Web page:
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"What does it take to get a second chance"? Andrew Chan reflects on his life.

In what may be the last week of his life Andrew Chan has a powerful message for all Australians.

His video diary, shown last night on the Seven Network’s Sunday Night showed the raw emotions of a young man in a place that most of us couldn’t ever imagine – on the brink of losing his life.

“Um my name is Andrew Chan. ” he said in the video diary just hours after he watched six other inmates be taken for execution by firing squad on January 18.

“It is a day, pretty much a few hours after the execution, six innocent lives…… I guess what runs through my head is how precious life really is, that all we can do about the moment we live for, I guess sometimes you kind of gotta think what does it take to get a second chance?

“People get second chances within their lives on the outside but how much can you get when you’re a convicted criminal?”

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Andrew Chan video diary ( Source: Sunday Night)

His diary was as heartbreaking as a recent letter Chan wrote to his younger self, which featured in a documentary, Dear Me: The Dangers of Drugs, showing the regrets that Chan has about his life, which he says “was wasted.”

In his letter his powerful message for all Australians is “What you choose today will make what you become tomorrow.”

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“Don’t do it.”

“Don’t do it”.

In the six page letter to his 15-year old self Andrew Chan pleads with young people not to follow his path.

I don’t know what choices you guys are making, however, if anything, I would want you guys to remember is, ‘Is it worth it?’”

“You are still young and you have some serious decisions to make in your life. What you choose today will make what you become tomorrow.

“If you want to be a thug and a big bad wolf, I’ll see you soon inside.

“But for those that want to do something in life, I’d like you guys to see how important it is to put your head down and study hard.”

“If you want to be a thug and a big bad wolf, I’ll see you soon inside.”

Chan was arrested along with eight other Australians in 2005 for attempting to smuggle 8.3kg of heroin into Australia from Thailand. He was the ringleader of the plot and was sentenced to death. He has been behind bars at Kerobokan prison in Bali since April 17, 2005.

Related content: If you still support the death penalty for the Bali 9 duo, you need to see these pictures.

Last Wednesday Chan was taken, along with Myuran Sukumaran to Nusa Kambangan and Besi prison where they wait in limbo for their execution date.

The trailer for the documentary Dear Me, The Dangers of Drugs. (Post continues after this video.)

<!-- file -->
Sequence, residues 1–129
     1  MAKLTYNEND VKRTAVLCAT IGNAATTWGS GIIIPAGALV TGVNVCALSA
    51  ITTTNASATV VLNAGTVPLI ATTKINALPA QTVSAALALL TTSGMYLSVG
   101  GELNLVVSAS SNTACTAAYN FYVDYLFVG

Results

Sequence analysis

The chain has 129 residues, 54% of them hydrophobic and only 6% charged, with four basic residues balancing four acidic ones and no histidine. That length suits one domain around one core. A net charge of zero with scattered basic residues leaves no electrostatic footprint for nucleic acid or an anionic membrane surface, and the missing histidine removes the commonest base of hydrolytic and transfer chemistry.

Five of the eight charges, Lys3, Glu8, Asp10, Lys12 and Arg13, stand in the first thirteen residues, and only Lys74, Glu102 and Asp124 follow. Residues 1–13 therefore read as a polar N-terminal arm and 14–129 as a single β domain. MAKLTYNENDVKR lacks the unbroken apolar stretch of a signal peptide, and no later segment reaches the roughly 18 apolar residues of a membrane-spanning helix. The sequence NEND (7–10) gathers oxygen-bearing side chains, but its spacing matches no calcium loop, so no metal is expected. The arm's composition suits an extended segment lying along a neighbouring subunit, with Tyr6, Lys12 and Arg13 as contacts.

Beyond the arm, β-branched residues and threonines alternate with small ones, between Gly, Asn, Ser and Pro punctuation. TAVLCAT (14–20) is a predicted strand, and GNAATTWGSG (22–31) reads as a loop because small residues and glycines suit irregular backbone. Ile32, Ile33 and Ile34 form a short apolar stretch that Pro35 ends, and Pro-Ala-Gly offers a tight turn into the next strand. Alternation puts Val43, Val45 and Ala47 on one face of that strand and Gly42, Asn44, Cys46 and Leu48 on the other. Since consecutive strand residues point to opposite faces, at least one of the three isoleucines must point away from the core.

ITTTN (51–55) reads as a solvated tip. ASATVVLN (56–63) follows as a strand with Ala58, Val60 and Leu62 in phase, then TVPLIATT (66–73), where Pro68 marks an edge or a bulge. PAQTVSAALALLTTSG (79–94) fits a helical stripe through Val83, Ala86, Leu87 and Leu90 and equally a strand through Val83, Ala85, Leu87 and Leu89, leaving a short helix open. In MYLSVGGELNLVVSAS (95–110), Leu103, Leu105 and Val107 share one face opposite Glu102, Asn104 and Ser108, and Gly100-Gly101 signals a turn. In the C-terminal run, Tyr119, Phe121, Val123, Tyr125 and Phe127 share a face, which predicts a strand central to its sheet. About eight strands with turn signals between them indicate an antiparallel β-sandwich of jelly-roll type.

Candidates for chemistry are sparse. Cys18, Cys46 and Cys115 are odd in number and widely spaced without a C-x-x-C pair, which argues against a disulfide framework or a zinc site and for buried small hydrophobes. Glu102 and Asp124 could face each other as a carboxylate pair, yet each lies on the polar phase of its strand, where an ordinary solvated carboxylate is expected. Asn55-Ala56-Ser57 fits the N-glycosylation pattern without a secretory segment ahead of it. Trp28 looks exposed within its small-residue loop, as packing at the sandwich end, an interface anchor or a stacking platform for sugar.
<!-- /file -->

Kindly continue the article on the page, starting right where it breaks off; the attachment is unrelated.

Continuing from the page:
He begins the letter saying:

“Dear Me, when you are older you will be in a Bali prison and you will be executed. This happened to you because you thought taking drugs was cool. Your drug taking made you think that it was OK to import drugs and make money from this. Your family and friends are heart broken and your life will be ended by a firing squad. Underneath you are not a bad person but drugs makes you different. My name is Andrew Chan.”

Chan pleads with teenagers not to follow his path.

“At the end of the day, I’m only 29 years old and, the truth is, I might not be able to see my 30th birthday. How many of you want to follow in my footsteps? And I hope these words will penetrate through your minds and in your hearts and that most of you, if not all of you, will achieve more than I ever did,”

“I have missed weddings, funerals, just the simple presence of my family. The hurt and pain that I don’t just put onto myself but my family is agonising. A simple touch such as a hug is not possible for a condemned man like me.

“I have nothing but an iron bar to hug rather than to be embraced by those I love and who I miss. Most likely, I won’t have the chance to see such things such as the birth of my first child, let alone have a child. My life is a perfect example of an absolute waste.

That does not have to be for you.”

Andrew Chan’s parents.

The director of Dear Me, Malinda Rutter, told News Limited that Andrew Chan is a different person to the teenager who was arrested.

“They realise their mistakes and where they slipped through the cracks and they’ve worked hard to turn their lives around,”.

“I’m proud to call Andrew my friend.” She said.

Related content: What happened to the seven other members of the Bali Nine?

“He was a really troubled kid and he wanted to be tougher and bigger than the other kids,” she said.

He says in the film “I got mixed up with drugs at a pretty young age and by the time I was 15 I was merged into the scene,”

“I have done things which I am not proud of in my life and I made some pretty stupid decisions.

“I’m a person to say this because all you have to do is type me up on Google and I’m sure you get the results ‘death row’.”.

Sign an online appeal to save the life of Andrew Chan and fellow inmate Myuran Sukumaran.

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